‘Let’s look again at the Eames-Bradley approach to the past’

The Eames-Bradley report was the best approach yet to how Northern Ireland should deal with Troubles legacy issues, argues Mark Durkan.  The former SDLP leader and deputy first minister was interviewed for the ‘Forward Together’ podcast series immediately before declaring his candidacy for Fine Gael for the Dublin constituency in the European Parliament elections.

Mark argues that the proposals tabled for the 2013 talks mediated by US envoy Richard Haass were “not as good as Eames-Bradley”.  The challenge is also that “different parties are saying different things at different times”, making solutions more difficult.  For example, “some parties… say draw a line under the past… and then in the next breath they’re demanding pursuit of certain issues”.

He continues: “I don’t think we can just simply draw a line under the past, but it’s how do we create the situation where we don’t endlessly pore over the past, but we don’t glibly pass over the past either, because the past leaves a very real sense of grievance for people and not just those people who are directly affected… but also as a society.”

Mark goes on: “Eames-Bradley pointed out that it wouldn’t be a case of one size fits all… people have different needs”.  In many cases, people need an acknowledgement of what happened and its injustice.  “And we should have measures for dealing with the past that facilitate those different ways.  We know some people basically just want the truth to be told.”  This includes, he argues, for Hansard – the official record of Parliament – to be corrected where government ministers gave an incorrect record of events.  “There’s some victims of the Troubles for whom the official record still suggest that they somehow contributed to their death, or holds them under some sort of suspicion”.

While the discussion over the constitutional arrangements for Northern Ireland cannot be ignored “what we need to do is get to a position where we can have an honest debate about honest differences over honest preferences as to whether it’s United Kingdom or United Ireland as the best context for us,” says Durkan.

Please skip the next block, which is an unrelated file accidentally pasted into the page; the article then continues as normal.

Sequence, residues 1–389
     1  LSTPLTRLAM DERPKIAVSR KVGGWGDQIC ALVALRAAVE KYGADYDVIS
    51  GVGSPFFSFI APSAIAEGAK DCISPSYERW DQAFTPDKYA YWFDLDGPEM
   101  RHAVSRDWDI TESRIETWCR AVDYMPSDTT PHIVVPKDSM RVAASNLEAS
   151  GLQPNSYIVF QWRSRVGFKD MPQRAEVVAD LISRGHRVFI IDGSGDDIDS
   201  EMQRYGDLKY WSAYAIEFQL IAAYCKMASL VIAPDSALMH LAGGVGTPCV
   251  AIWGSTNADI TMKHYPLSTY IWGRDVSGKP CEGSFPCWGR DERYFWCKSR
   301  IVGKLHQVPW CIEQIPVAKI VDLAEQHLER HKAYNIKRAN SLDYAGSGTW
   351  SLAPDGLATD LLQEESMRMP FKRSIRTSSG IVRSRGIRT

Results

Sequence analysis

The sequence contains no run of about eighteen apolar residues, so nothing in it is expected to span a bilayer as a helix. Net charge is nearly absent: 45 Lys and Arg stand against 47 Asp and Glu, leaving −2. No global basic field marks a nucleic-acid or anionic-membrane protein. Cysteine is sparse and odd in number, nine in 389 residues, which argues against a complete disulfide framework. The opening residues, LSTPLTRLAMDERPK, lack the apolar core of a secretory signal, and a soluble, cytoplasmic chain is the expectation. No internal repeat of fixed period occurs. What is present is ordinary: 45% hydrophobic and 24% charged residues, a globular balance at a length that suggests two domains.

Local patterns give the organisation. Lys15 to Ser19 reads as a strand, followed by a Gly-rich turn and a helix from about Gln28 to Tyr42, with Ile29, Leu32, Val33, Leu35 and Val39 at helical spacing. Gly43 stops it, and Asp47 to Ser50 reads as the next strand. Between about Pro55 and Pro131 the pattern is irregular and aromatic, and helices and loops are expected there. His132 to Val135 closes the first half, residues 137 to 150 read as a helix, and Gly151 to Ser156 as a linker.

Mark also calls for a recognition that Northern Ireland needs to recreate a stronger civic society.  “We need to recognise first of all that civil society has made significant contributions during the life of the peace process,” he says.  “When we negotiated the [Good Friday] Agreement one of the reasons why we had a Civic Forum as part of the institutions was because we wanted to continue to harness that value and that insight”.  Nor does he believe it was right for the Civic Forum to cease operating.  “The Civic Forum didn’t collapse: the Civic Forum became a casualty of suspension. There was nothing in the Agreement that said it should be a casualty of suspension and some of us argued at the time that the Civic Forum should be maintained even though the assembly was suspended”.

He adds: “I suppose we have the experience since then of seeing citizens’ assemblies and operations in a number of places, not least in the south… So yes we can look to try to refocus, to reach something along the lines of the original Civic Forum, but I think even if we do that, that could be complemented by – or indeed that could commission – various citizens’ assemblies.  One of the risks with the Civic Forum is that basically it becomes a representative body of the main political parties, rather than actually taking people from broader society.”

The latest podcast interview is available here. The podcasts are also available on iTunes and Spotify.



  • Holywell Trust receives support for the The Forward Together Podcast through the Media Grant Scheme and Core Funding Programme of Community Relations Council and Good Relations Core Funding Programme of Derry City and Strabane District Council.